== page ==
Cardinal Timothy Dolan, Archbishop of New York, said that while he understands why a South Carolina priest chose to withhold Communion from former Vice President Joseph R. Biden over his stance on abortion, he would not have done so himself.
“I think that priest had a good point,” Cardinal Dolan told Fox News on Oct. 31. “You are publicly at odds with an issue of substance, critical substance. We’re talking about life and death in the church. You personally, out of integrity, should not approach Holy Communion, because that implies that you’re in union with all the church beliefs.”
Cardinal Dolan added that he has never denied anyone Communion, but he noted that he has held private conversations with public officials about their political stances.
“My job is to help people make, with clear Church teaching, make a decision on the state of their soul and the repercussions of that,” the cardinal said.
Cardinal Timothy Dolan: "If only saints could receive Holy Communion, we wouldn’t have anybody at Mass, including myself."
He said he “admires” Catholics who refrain from taking Communion if they do not agree with church teaching on important issues. But he also pointed to Pope Francis and his approach to the Eucharist.
“We also remember Pope Francis: ‘I personally can never judge the state of a person's soul.’ So, it’s difficult, that’s what I’m saying. I’m not there as a tribunal, as a judge in distributing Holy Communion,” the cardinal said.
“If only saints could receive Holy Communion, we wouldn’t have anybody at Mass, including myself,” he added.
Mr. Biden attended Mass at St. Anthony Catholic Church in Florence, S.C. on Oct. 27, and when he presented himself to receive the Eucharist he was refused by the pastor. Father Robert Morey wrote in a statement responding to queries from the Florence Morning News that he “had to refuse holy Communion” to Mr. Biden because a “public figure who advocates for abortion places himself or herself outside of church teaching.”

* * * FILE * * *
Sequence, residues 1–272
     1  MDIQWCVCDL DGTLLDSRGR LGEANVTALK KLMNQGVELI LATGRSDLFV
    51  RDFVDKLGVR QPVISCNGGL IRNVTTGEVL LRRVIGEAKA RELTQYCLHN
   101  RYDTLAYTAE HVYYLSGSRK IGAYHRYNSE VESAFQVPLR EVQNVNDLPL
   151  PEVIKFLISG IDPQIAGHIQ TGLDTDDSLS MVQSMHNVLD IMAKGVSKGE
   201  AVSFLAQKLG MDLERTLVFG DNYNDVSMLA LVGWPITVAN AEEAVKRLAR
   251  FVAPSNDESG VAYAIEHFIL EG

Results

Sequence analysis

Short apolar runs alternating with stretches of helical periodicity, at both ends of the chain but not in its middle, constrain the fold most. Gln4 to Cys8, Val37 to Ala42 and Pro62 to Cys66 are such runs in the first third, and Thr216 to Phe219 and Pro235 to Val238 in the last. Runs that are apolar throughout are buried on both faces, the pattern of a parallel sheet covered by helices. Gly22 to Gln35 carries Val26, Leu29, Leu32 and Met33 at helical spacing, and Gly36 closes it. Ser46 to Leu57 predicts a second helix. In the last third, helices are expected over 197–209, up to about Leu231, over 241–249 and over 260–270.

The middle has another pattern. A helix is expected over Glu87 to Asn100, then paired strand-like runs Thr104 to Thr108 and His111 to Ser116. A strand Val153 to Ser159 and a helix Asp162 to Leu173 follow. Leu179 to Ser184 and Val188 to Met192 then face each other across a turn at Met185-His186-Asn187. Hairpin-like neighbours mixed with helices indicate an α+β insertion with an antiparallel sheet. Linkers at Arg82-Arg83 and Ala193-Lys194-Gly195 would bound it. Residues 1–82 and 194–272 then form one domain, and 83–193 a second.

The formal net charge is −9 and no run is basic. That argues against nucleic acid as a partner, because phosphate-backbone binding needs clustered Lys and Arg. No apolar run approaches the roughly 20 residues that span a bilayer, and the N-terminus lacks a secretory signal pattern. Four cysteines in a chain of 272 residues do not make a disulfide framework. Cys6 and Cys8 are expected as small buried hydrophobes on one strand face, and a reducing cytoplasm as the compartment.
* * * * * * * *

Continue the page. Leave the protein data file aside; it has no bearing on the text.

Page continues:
Mr. Biden, campaigning in his 2020 bid for president, was in South Carolina Oct. 26-27 attending a town hall meeting in Florence and a justice forum in Columbia. He frequently references his Catholic faith and when at home he attends Mass at St. Joseph on the Brandywine in Greenville, Del.
The Diocese of Wilmington, Mr. Biden’s home diocese, released a statement saying that the Bishop William Francis Malooly “has consistently refrained from politicizing the Eucharist, and will continue to do so. His preference, as with most bishops, is to interact with politicians individually who disagree with significant church teachings.”
While Mr. Biden has not spoken in depth about the incident, he did address the controversy earlier this week.
Asked about it Tuesday on MSNBC, the former longtime Delaware senator shifted to an overall discussion of his views on faith.
“I practice my faith,” Biden told the network. “But I’ve never let my religious beliefs, which I accept based on church doctrine... impose that view on other people.”
A number of his supporters have defended him. A progressive faith-based political group called Faithful America created a petition condemning the episode.
Edward Peters, a professor of canon law, invoked church law to explain that Mr. Biden’s private views on abortion do not outweigh his public position.
“Holy Communion is not a tool for punishing political opponents. We have seen this despicable behavior before, used by right-wing clergy to attack John Kerry and Tim Kaine,” the petition reads, referring to two other high-profile Catholics who were nominated for the presidency and vice presidency, respectively, by the Democratic Party. Each of those men also faced questions about their eligibility for Communion.
Some Catholics have said the priest was correct in denying Mr. Biden Communion. Edward Peters, a professor of canon law at Sacred Heart Major Seminary in Detroit, invoked church law to explain that Mr. Biden’s private views on abortion do not outweigh his public position. He wrote in The Hill that the priest was correct to deny Communion.
"To confuse the private examination of one’s conscience as envisioned by Canon 916 with the recognition that some public acts warrant public consequences under Canon 915 is to show either ignorance of or indifference to well-established Catholic pastoral and sacramental practice,” he wrote.
“Biden has moved away a nuanced position [on abortion], and thus created a plausible case for his being denied communion. The same case, however, if applied apolitically, would be made for lots and LOTS of other people being denied,” Mr. Camosy wrote. “Dolan was correct to resist the false choice between either artificially giving preference to one part of the Gospel or going to war with virtually all public Catholic figures in NYC.”
Material from Catholic News Service and the Associated Press was used in this report.